Video Mexico Protests Escalate Over Disappearances

Protests in Mexico over 43 students missing since September continue to escalate, reflecting growing anger among Mexicans about a political system they view as corrupt, and increasingly tainted by the drug trade. Mounting outrage over the disappearances is now focused on the government of President Enrique Pena Nieto, accused of not doing enough to end insecurity in the country. More from VOA's Victoria Macchi.
Video

Video US Senate Votes Down Controversial Oil Pipeline - For Now

The U.S. Senate has rejected construction of a controversial pipeline to transport Canadian oil to American refineries. The $5 billion project still could be approved next year, but it faces a possible veto by President Barack Obama. As VOA’s Michael Bowman reports, the pipeline has exposed deep divisions in Congress about America’s energy future.
Video

Video Can Minsk Cease-fire Agreement Hold?

Growing tensions between government troops and separatists in eastern Ukraine further threaten a cease-fire agreement reached two months ago in the Belarusian capital of Minsk. Critics of U.S. policy in Ukraine say it is time the Obama administration gives up on that much-violated cease-fire and moves toward a new deal with Russia. VOA's Scott Stearns has more.
Video

Video Chaos, Abuse Defy Solution in Libya

The political and security crisis in Libya is deepening, with competing governments and, according to Amnesty International, widespread human rights violations committed with impunity. VOA’s Al Pessin reports from London.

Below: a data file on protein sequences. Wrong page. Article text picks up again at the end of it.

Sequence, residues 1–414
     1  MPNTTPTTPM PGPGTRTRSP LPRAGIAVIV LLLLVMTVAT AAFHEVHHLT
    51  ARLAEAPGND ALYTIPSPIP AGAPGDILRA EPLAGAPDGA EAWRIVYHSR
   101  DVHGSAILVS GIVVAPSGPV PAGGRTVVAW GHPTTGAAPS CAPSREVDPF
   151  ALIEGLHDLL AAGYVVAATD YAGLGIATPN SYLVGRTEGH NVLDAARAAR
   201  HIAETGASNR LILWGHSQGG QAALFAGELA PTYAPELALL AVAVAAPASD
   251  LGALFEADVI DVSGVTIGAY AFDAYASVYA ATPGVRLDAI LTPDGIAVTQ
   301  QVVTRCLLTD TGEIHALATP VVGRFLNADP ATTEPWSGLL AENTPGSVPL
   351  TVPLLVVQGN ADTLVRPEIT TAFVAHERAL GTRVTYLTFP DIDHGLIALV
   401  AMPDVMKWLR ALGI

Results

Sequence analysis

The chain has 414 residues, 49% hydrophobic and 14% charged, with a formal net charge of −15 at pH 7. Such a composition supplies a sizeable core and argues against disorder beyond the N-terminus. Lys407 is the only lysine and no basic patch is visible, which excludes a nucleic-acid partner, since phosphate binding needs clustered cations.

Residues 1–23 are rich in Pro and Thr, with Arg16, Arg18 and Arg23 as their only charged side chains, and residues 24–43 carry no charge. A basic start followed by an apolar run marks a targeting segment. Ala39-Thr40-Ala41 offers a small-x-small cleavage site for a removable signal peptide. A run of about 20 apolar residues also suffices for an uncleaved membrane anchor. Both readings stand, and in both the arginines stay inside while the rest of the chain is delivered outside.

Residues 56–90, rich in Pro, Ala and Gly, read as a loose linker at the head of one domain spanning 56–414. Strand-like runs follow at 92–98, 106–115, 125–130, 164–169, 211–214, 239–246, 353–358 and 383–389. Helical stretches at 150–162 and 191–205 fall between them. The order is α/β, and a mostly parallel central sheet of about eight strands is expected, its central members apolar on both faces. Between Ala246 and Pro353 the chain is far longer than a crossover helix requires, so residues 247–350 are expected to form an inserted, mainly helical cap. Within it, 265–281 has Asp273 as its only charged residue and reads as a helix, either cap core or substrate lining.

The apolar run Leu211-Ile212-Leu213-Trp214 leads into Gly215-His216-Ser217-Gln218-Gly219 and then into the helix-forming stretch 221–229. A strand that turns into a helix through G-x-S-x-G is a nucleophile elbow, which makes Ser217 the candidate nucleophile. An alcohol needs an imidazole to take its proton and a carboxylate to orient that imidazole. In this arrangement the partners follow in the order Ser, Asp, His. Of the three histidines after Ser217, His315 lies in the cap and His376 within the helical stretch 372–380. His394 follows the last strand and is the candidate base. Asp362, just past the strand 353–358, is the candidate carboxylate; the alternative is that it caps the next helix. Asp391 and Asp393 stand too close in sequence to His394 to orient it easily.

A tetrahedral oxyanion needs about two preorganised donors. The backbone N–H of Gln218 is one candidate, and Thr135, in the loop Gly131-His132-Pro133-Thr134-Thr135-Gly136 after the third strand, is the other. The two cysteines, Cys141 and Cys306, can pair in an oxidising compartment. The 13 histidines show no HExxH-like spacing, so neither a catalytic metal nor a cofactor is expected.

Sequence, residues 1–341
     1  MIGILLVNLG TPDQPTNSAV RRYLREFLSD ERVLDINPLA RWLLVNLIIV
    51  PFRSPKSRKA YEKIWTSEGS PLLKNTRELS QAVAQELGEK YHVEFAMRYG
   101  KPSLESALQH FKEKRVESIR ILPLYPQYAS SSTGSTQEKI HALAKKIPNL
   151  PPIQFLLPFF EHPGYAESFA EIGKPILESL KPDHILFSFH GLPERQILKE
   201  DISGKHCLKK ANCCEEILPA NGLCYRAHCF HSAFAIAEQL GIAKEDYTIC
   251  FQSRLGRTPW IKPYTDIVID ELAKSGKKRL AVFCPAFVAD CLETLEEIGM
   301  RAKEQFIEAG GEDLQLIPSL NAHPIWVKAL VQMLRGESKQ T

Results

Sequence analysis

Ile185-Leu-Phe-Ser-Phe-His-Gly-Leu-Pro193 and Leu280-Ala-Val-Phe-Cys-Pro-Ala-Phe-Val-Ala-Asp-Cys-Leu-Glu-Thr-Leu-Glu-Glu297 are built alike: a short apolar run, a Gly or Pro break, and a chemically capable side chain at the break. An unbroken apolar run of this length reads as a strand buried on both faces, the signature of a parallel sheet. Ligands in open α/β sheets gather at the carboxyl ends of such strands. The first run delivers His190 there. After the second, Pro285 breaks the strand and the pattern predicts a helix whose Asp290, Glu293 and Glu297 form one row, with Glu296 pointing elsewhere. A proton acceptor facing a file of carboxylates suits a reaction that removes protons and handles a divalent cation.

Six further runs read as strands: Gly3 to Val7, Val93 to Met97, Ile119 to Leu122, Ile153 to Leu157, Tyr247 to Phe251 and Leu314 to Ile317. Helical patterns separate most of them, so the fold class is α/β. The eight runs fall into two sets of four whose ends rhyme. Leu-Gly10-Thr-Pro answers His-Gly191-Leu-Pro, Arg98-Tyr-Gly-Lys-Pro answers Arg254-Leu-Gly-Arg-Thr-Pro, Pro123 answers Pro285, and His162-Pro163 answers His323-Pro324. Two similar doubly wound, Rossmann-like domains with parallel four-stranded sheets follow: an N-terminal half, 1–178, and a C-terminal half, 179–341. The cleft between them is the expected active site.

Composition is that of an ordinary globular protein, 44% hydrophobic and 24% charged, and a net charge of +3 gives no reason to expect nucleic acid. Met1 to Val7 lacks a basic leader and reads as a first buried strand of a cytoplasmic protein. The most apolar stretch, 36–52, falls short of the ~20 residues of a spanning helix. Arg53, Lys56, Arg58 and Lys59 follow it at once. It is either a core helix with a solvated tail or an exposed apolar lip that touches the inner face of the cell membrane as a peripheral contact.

Video

Video US Hosts Record 866,000 Foreign Students

Close to 900,000 international students are studying at American universities and colleges, more than ever before. About half of them come from Asia, mostly China. The United States hosts more foreign students than any other country in the world, and its foreign student population is steadily growing. Zlatica Hoke reports.
Video

Video Ferguson Church Grapples with Race Relations

Many white residents of Ferguson, Missouri, say they chose to live there because of the American Midwest community's diversity. So, they were shocked when a white police officer killed an unarmed black teenager in August – and shaken by the resulting protests and violence. Some local churches are leading conversations on how to go forward. VOA’s Ayesha Tanzeem reports.

All About America

AppleAndroid